A reader discovered my blog by typing in a Google search, “How to Forgive My Birth Mother.” Google has all these analytics that show you how people arrive at your blog. When I read that, I froze for a second because I remember being there. I remember being in that stage where I needed to release that anger and sadness built up inside of me due to my birth mother abandoning me.
I wasn’t that adoptee that had an adoption plan created. Perhaps that is what hurts the most. I was that adoptee where an ad was published in the newspaper in hopes that my birth mother would come forward and relinquish her rights as my parent for me to be placed for adoption and become adoptable.
I don’t believe there is a word in the dictionary to describe the pain that I felt from my birth mother abandoning me, although it has gotten better as I have gotten older simply because I now have an understanding that sometimes “life” happens. And sometimes you find yourself with your back against the wall, and the only thing you feel you can do is to duck and run.
But it still doesn’t take that sting away that flares up every so often.
As angry and hurt as I have been for years, I still needed to know who she was. I did not want to yell or curse her out. I did not want to be angry or mad at her. I only wanted to see her face and look into her eyes.
I will never forget looking into her eyes (with my shades on of course because I was scared as hell). I didn’t want her to look into my eyes and see my pain. I wanted her to see that I was strong without her, but my eyes would tell a different story. I knew they would. What I saw from her eyes was pain, embarrassment, anguish. What I saw was her young self in a grown woman’s body. At that moment as I walked up to her for the first time, I saw her eyes fixated on me with shame as she went back to the day she abandoned me.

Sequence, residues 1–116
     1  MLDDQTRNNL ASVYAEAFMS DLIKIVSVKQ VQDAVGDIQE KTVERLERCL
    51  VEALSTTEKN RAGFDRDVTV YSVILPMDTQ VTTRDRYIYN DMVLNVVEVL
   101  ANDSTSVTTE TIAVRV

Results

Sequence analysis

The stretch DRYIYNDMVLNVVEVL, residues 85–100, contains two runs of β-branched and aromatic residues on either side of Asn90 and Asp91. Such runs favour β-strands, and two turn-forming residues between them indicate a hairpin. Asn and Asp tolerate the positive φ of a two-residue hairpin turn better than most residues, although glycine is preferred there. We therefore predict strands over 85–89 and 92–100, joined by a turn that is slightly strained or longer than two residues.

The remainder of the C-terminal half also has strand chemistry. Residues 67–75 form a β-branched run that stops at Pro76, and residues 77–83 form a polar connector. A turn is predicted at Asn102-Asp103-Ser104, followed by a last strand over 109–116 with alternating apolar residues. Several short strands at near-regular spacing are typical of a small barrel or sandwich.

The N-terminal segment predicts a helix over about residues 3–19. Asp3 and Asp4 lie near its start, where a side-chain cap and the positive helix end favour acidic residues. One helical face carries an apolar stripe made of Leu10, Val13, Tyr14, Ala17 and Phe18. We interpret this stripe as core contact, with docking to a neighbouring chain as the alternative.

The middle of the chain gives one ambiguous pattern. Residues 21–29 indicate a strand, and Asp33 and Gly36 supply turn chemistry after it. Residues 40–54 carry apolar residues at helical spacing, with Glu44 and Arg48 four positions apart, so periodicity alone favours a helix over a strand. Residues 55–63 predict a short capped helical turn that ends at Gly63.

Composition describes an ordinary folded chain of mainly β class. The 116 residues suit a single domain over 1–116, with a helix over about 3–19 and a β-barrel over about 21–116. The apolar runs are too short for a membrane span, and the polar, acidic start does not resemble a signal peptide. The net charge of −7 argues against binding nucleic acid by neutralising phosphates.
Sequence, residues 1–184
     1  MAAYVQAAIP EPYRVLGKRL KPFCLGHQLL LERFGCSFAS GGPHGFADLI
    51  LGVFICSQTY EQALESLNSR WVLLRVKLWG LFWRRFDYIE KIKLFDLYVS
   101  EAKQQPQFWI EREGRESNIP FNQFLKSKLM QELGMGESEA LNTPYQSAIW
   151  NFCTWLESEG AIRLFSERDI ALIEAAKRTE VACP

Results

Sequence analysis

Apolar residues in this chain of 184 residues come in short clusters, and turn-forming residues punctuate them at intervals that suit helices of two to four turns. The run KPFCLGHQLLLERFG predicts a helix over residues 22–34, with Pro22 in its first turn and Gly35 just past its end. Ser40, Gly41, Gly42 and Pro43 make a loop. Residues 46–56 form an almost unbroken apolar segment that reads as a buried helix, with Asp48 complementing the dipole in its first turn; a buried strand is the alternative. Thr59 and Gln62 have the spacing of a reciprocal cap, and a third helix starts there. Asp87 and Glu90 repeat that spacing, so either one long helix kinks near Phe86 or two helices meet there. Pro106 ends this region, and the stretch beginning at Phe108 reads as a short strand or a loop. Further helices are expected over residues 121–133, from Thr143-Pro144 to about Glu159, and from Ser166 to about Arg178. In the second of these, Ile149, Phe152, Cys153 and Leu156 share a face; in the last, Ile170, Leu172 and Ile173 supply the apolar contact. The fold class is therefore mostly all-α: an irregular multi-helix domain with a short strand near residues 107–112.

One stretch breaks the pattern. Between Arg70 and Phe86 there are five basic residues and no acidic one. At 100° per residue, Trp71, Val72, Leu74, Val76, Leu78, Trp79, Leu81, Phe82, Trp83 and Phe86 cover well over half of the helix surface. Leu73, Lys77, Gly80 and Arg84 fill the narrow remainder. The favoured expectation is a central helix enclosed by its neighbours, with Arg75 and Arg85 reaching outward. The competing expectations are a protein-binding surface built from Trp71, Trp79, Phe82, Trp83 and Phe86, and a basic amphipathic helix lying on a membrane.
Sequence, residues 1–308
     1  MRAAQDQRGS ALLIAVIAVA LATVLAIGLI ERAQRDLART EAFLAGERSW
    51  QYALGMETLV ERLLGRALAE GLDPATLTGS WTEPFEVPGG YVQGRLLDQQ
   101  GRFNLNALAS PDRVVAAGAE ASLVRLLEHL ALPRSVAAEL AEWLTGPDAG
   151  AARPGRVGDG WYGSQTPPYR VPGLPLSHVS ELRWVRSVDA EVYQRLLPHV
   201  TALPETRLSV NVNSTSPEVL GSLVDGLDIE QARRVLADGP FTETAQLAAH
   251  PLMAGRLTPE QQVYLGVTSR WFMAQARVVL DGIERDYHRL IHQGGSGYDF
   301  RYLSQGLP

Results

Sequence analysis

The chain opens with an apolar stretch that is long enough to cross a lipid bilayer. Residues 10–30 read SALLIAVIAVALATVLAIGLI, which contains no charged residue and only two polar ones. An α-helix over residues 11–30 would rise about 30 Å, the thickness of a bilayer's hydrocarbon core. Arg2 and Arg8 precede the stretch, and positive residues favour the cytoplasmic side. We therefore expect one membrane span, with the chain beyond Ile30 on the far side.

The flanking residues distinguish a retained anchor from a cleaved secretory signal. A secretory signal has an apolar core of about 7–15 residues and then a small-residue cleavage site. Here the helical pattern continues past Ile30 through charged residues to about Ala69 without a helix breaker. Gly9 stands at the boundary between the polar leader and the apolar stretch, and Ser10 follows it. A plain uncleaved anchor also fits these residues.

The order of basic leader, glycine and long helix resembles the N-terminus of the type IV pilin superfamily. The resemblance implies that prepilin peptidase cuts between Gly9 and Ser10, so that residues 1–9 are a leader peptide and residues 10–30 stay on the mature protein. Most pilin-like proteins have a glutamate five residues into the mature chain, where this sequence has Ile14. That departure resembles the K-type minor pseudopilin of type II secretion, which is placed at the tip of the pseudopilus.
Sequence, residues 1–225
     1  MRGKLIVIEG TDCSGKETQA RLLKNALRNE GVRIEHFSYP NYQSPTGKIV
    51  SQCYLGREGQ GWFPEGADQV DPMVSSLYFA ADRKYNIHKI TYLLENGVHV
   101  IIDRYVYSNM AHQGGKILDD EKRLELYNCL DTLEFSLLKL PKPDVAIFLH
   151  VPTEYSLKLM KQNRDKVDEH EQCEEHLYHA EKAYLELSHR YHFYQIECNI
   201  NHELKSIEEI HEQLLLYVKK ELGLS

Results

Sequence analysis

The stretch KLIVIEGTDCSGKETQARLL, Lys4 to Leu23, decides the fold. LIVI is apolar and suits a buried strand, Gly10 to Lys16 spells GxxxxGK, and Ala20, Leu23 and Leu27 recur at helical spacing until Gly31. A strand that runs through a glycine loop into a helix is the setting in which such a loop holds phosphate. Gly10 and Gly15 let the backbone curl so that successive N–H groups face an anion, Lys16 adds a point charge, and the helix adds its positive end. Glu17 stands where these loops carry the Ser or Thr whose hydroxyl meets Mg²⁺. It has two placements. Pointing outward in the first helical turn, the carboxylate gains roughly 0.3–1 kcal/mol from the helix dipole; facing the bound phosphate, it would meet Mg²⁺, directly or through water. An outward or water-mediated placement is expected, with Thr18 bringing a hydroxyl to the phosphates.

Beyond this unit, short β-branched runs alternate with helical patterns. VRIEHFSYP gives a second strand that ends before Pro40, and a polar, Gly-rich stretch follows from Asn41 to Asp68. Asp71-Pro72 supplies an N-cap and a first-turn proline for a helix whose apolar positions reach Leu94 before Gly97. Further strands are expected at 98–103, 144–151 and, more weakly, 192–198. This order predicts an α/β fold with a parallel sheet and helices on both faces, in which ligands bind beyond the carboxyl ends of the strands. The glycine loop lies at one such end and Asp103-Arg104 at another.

What I saw was that she made a terrible mistake years ago and she was paying for it day after day. I saw it in her eyes.
She had yet to forgive herself.
What was the sense of me beating her up after life has beaten her up for years? Her face said it all.
I would never say I had a better life, but I surely had it better than her. My life is a testament of that.
Forgiving my birth mother seemed impossible for years. Impossible! I would think of all the torment I had to endure wondering how someone that carried me full term and gave birth to me that is supposed to love me and protect me, just left me. Just like that. But what I learned over time and through talking with birth mothers is that there is always a story. You have a story. I have a story. Birth parents have stories, too. A story that is sometimes worth listening to and having compassion for before we judge.
I don’t have the answers as to why my birth mother abandoned me, even though I am in reunion. What I do have is a heart. I have learned to extend grace and mercy to my birth mother despite what she did to me. We all fall short, just in different areas even though this is a huge area.
I had to forgive my birth mother for myself first to have peace. I had to release that anger and pain that was taking over my life and prohibiting me from being happy, productive, confident, and successful. Secondly, as a Christian, I knew I had to do it for God. Lord, when I think of the many times He has had to forgive me. Goodness.
If you are reading this right now and you feel hurt, angry, or betrayed by your birth mother, I encourage you to find peace by forgiving her. Do it for yourself if anything. And if you have the chance to hear her out, try to if possible. I am not a mother, but I know that it must take lots of courage and faith to place a child for adoption.
I am in a place right now preparing myself to hear the truth even if it hurts concerning what led to my birth mother abandoning me. It may require me having to forgive her another time or 100 more times. I will do what I have to do to keep my peace because I matter. Remember, healing from adoption is a journey. It won’t happen overnight or tomorrow. The first step is letting go and allowing yourself to LIVE and LOVE past the pain.
Have you felt the need to forgive your birth mother to move on in life?
Have you received an apology from your birth mother? If yes, and if you are comfortable, I welcome you to share your story in the comments.
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